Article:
Job creation, federal government style

The editors of The Philadelphia Inquirer are displeased that Congress blocked new rules proposed by the Department of Agriculture to regulate school lunches.

The Obama administration wanted to mandate more fruits, green vegetables, and whole grains. The guidelines would have limited sodium and starchy foods such as french fries. Frozen pizza, a regular school-lunch item, would no longer be routinely counted as a vegetable.

The editors — and this was specifically an editorial, not a news story¹ — complained that the Congress’ action did not show concern for children’s health “at a time when childhood obesity has become a national crisis.”

Now, it is a good idea for school lunches to have more fruits, green vegetables and whole grain among the foods being served. I have absolutely no problem with the nutritional ideas in the regulations.

But what, I have to ask, is the federal Department of Agriculture doing in this in the first place? Shouldn’t school policy be set by the local, normally elected, school boards?

Why, we wonder, can’t the federal government get spending under control? Well, part of the reason is that the federal government is far too involved in doing things which aren’t any of its business. The proposed school lunch regulations seem innocuous enough, but they mean that there were federal employees, being paid with taxpayer dollars, spending time writing regulations — and, doubtlessly, crafting ways to enforce those regulations — on matters which simply should not be part of their purview in the first place. They would, with nothing but the best of intentions, craft regulations telling local school districts what they must serve in their cafeterias, and coming up with all sorts of compliance paperwork, that would have to be filled out by local schools, and sent back to Washington for review by the bureaucrats. With tens of thousands of public school districts in this country, I guess that they’d certainly be creating jobs, as it would take several employees in the Department of Agriculture to review the compliance forms, and maybe, just maybe, if they can pile the federal regulations higher and deeper, create new jobs at all of those school districts, as yet another employee would have to be on the books, filling out all of that federal paperwork, to insure that regulations which should never have been crafted in the first place are being obeyed.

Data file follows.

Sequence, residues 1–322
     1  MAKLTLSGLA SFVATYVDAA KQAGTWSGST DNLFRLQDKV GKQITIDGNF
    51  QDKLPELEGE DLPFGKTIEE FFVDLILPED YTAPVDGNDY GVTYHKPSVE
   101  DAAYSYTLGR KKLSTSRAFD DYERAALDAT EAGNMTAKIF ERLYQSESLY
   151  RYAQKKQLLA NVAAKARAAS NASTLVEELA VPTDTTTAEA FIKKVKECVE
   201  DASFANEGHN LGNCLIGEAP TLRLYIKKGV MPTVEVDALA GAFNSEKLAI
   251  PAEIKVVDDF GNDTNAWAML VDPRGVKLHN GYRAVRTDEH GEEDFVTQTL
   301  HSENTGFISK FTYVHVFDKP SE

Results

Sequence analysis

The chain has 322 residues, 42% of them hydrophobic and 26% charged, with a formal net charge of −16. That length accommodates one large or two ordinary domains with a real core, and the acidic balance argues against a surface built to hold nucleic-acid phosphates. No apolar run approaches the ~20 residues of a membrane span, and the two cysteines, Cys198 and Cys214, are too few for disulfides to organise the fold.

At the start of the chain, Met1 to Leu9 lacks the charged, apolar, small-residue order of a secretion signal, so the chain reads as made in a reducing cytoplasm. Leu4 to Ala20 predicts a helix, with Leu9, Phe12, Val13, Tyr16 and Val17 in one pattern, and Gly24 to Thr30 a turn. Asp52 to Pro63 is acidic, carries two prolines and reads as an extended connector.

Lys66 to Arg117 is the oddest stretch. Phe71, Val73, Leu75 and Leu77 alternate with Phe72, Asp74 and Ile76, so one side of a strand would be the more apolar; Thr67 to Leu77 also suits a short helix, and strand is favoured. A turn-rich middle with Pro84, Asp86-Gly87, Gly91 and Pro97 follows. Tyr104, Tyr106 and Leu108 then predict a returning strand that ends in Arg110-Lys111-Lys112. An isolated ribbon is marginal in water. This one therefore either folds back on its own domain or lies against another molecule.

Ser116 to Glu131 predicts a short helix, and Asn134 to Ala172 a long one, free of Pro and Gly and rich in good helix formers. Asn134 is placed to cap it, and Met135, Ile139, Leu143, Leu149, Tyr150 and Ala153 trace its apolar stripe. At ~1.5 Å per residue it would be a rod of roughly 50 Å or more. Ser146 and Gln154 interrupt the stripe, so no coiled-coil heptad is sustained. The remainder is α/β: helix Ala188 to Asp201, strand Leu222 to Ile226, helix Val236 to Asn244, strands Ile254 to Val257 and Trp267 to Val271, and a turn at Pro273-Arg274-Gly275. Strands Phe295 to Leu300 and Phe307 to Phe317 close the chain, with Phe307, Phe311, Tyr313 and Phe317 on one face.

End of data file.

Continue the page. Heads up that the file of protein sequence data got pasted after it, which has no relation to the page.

› – The Philadelphia Inquirer, Wednesday, 23 November 2011, p. A-18.

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